Electric cars, to many, appear a truly modern innovation – one enabled by rapid advances in battery technology, motors, controllers and thermal management systems.
A grand tourer, by definition, is a high-performance luxury car that can effortlessly cover vast distances at speed. Unsurprisingly, as a result, many GT manufacturers have adopted technologies that can ease the process of driving a high-performance car for extended periods.
Enthusiasts were wary when the Elise SC arrived in 2008. After all, the svelte Lotus had always been about lightness, purity and immediate response – yet the SC variant, for the first time in the Elise’s history, eschewed natural aspiration for supercharging. Continue reading >>>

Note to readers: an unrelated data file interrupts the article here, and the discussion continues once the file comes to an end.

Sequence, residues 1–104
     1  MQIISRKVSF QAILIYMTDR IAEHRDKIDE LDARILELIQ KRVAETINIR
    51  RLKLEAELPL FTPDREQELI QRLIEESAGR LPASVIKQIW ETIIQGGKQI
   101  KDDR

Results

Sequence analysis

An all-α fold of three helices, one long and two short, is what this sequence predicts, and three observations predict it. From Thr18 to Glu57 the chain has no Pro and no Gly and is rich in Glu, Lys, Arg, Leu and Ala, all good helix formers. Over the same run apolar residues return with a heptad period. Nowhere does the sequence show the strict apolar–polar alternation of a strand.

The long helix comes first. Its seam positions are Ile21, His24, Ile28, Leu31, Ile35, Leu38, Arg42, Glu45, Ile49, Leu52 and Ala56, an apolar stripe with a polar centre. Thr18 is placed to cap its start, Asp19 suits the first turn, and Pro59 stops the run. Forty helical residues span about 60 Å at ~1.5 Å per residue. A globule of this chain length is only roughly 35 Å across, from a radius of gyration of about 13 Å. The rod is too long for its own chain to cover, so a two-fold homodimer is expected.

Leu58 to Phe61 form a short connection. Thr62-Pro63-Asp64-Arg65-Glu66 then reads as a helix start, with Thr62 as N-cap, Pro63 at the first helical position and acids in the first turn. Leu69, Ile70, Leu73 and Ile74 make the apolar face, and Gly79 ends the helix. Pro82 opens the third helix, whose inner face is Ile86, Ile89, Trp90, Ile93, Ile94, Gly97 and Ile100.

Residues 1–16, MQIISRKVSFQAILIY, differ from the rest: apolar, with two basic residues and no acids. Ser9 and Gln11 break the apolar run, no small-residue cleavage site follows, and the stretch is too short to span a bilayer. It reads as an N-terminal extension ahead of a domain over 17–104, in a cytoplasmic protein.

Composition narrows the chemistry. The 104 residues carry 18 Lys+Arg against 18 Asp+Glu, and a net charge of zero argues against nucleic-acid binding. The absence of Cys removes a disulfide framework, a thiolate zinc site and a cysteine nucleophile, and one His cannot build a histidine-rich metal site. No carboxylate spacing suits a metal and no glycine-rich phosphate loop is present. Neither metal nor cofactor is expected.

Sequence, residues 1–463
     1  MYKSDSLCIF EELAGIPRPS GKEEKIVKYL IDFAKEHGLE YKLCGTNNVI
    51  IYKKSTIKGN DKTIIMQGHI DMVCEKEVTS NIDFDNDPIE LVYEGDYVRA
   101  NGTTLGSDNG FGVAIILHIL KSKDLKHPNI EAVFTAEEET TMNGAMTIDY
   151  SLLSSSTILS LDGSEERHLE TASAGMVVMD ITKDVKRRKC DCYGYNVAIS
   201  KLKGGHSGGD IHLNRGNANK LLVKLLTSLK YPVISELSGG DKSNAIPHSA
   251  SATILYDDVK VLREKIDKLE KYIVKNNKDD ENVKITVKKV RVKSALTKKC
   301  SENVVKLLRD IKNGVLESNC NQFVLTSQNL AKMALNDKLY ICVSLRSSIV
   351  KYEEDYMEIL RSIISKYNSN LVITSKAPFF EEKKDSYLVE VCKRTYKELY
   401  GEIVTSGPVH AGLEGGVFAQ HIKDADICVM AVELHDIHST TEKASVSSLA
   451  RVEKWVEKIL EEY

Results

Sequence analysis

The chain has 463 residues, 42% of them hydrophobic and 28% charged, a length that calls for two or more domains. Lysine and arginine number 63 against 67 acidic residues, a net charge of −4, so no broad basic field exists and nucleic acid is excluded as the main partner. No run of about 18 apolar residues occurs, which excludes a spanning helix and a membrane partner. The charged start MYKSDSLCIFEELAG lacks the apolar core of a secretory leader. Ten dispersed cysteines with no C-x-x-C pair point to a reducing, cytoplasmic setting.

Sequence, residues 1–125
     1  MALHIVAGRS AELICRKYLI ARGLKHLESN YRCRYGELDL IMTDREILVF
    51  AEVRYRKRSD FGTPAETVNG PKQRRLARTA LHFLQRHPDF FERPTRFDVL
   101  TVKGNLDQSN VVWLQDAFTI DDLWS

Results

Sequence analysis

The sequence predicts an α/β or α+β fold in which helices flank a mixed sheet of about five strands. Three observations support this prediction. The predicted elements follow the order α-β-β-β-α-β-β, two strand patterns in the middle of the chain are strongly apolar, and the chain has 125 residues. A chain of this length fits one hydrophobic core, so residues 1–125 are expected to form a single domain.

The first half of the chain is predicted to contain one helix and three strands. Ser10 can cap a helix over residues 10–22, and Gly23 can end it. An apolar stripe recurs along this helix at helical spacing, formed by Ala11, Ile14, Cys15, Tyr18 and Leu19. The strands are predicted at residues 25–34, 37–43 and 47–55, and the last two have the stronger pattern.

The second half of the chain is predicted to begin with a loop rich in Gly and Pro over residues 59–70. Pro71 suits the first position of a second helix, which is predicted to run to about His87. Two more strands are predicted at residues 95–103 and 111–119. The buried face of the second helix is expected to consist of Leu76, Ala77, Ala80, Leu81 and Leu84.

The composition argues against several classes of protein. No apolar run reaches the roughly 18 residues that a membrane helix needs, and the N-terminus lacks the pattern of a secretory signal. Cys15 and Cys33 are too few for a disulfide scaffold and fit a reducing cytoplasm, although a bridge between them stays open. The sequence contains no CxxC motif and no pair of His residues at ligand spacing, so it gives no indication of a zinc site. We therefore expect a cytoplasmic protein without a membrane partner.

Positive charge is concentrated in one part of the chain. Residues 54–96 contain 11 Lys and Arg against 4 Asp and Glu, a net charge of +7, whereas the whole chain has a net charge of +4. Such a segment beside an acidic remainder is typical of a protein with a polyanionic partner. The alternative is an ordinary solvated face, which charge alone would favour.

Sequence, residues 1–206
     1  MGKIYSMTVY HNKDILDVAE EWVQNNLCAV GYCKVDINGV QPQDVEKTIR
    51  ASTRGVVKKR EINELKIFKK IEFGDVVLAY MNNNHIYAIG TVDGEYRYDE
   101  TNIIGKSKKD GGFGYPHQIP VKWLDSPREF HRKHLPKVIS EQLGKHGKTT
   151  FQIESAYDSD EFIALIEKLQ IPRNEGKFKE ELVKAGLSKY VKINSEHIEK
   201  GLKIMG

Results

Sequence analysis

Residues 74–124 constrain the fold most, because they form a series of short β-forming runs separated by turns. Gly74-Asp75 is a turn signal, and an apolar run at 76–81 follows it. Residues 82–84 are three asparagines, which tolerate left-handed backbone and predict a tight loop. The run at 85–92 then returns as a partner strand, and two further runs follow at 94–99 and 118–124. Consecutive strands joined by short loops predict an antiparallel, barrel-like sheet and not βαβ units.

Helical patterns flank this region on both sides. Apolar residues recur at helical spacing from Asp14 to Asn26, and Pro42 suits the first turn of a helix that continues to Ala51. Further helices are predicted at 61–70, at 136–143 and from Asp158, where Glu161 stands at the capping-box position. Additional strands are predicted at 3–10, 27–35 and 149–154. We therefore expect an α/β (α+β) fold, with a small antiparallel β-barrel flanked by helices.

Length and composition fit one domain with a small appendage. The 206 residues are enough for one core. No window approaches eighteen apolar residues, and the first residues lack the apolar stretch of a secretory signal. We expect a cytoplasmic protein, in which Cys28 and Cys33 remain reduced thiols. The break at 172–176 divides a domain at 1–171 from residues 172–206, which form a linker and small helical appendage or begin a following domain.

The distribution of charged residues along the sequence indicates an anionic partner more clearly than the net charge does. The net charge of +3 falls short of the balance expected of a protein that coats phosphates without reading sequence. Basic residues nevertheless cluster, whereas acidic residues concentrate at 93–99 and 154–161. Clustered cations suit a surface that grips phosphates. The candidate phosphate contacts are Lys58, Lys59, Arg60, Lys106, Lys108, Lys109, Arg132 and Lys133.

The Audi A2 of 1999 and BMW i3 of 2014 are two cars that on paper appear to be fundamentally different. For a start they are built by competing firms, but even more basic than that is their method of propulsion: internal combustion for the A2 versus battery electric for the i3.